There are as many ways of describing that experience of starting a new role as there are people who start new roles! Amongst the most common? ‘Drinking from a fire hydrant’ or ‘drinking from the fire hose’. Based on my first week in my new role I can definitely relate to this.
There is so much data to absorb; so much information to digest; so much knowledge to acquire. And there is such a desire for this learning to happen somewhere between immediately and quickly.
I am naturally inquisitive. I like to ask questions and love to hear answers. Insights and experiences. Observations and opinions. Sometimes I feel as if there is no limit on how much time I could spend listening to these. Which is good. Or bad (as the case may be). Not least since this week I have experienced not just role change but also company change.
The fire hydrant resonates because that is exactly what it feels like. Just as you receive, and start to consider, one piece of information then five more…ten more…fifty more immediately hit you. It’s as if you were thirsty…and – just when you thought you had that much needed mouthful of water – the hydrant opens fully in front of you. You are immediately saturated…and the vast majority simply flows by.
An example. Many companies operate over multiple locations. Each location has its own people, capabilities and focus. Within that company these elements are known and assumed. No-one prefaces a site reference with descriptors of country, personnel or skill sets. But when you are new to that company – as I was this last week – then none of this is knowledge. Whenever a site was referred to, I found myself thinking about where that site was, what it did and who was there. In the time it took me to work this out, whoever I was talking with would have completed an additional three sentences. I was swamped and trying to catch up.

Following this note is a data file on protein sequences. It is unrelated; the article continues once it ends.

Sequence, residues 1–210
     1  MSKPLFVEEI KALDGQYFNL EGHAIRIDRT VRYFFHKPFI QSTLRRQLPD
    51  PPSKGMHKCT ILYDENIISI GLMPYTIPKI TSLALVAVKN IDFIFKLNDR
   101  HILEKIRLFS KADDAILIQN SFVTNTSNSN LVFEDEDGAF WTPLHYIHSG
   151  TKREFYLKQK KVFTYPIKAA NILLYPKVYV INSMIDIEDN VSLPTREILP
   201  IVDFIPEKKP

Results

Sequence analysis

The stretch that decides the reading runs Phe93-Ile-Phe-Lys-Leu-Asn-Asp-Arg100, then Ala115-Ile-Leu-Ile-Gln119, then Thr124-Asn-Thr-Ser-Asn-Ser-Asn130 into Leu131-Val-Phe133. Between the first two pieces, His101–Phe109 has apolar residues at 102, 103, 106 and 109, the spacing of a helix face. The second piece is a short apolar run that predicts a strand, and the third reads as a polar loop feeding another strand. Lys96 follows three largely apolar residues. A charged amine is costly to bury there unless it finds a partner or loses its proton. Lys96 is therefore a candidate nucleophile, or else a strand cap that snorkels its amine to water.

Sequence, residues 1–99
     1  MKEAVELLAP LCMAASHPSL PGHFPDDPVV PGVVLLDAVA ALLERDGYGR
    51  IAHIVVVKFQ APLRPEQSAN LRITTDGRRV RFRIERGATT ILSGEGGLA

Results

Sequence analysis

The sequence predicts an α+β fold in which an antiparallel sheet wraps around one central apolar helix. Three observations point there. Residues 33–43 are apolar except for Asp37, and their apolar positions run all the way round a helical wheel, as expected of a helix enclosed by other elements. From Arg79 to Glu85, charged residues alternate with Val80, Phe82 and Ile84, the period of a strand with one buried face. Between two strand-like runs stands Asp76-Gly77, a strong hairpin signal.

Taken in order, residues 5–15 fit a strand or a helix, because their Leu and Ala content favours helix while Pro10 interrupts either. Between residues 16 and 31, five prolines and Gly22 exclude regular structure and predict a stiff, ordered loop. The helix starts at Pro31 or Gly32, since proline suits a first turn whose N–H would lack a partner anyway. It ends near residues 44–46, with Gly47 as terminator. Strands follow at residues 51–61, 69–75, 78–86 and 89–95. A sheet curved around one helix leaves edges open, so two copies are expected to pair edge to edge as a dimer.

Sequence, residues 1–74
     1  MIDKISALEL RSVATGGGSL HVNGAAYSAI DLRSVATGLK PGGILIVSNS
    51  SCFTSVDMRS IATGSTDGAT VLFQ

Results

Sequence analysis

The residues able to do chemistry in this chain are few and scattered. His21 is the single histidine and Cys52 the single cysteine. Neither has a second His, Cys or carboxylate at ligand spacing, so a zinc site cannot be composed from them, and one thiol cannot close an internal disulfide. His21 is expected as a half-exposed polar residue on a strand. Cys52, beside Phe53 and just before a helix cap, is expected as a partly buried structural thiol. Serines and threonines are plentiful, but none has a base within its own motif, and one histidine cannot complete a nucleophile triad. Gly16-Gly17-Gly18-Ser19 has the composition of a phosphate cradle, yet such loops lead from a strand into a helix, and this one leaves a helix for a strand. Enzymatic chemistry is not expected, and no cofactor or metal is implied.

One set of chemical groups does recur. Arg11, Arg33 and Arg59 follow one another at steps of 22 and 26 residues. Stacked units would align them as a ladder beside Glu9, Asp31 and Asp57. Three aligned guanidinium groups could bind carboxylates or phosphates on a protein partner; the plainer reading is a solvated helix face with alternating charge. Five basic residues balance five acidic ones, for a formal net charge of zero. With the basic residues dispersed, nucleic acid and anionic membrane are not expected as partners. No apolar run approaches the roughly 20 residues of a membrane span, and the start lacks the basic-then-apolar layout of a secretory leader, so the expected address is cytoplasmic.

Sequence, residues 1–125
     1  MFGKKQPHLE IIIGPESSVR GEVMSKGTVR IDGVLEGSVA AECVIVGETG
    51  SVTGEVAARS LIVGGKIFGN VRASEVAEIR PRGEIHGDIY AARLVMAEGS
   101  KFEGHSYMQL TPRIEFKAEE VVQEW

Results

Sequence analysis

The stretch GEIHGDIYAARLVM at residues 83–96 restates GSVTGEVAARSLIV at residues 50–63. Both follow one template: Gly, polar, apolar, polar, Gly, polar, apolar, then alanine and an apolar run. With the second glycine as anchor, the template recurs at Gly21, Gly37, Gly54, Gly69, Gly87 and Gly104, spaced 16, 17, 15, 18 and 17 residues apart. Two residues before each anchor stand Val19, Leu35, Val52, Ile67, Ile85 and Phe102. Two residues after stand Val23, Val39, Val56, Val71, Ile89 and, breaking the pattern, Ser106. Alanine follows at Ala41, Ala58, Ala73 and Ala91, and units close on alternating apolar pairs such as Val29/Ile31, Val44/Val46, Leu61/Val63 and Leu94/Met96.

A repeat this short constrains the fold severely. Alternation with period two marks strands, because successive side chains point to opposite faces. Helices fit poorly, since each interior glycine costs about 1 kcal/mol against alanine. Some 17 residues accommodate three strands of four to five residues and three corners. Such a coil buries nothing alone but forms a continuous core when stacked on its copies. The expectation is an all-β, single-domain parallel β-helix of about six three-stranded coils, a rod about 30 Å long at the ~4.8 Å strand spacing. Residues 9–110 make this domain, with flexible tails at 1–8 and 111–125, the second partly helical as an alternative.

That having been said, everyone was amazing. Everyone gave me time. Everyone wanted to help me. Everyone offered their support. I knew more (and more people) after five days than I did after one. I will know more after five weeks that I do after one. I will know more after five months than I will after one.
By the end of this week, I felt I was working on a complicated jigsaw puzzle. The sort of puzzle where there are hundreds of pieces with intricate colours and strange patterns…but in my case all the pieces were face down. Gradually, piece by piece I will turn them over and start to put the pieces together. Patience….
And of course the business is running all the time as fast as it can and as fast as it has to. Nothing stops because I have started – and nor should it. The pharmaceutical industry is unrecognisable from how it looked and operated three, five or ten years ago. And every component part of the industry has to adapt, has been adapting and will continue to adapt. The focus is on patients and getting drugs through to the market; but it is also on dollars and on return on investment.
Success requires persuasive strategy and exquisite implementation. It will require compelling leaders and outstanding colleagues. Exceptional individualism and extraordinary team work. Local uniqueness and global harmonisation. Best practice sharing and best practice doing. It will require persistence and determination. It will depend on inspiration and innovation.
This can be – at times – the most challenging industry to be part of.
It is – always – the most rewarding.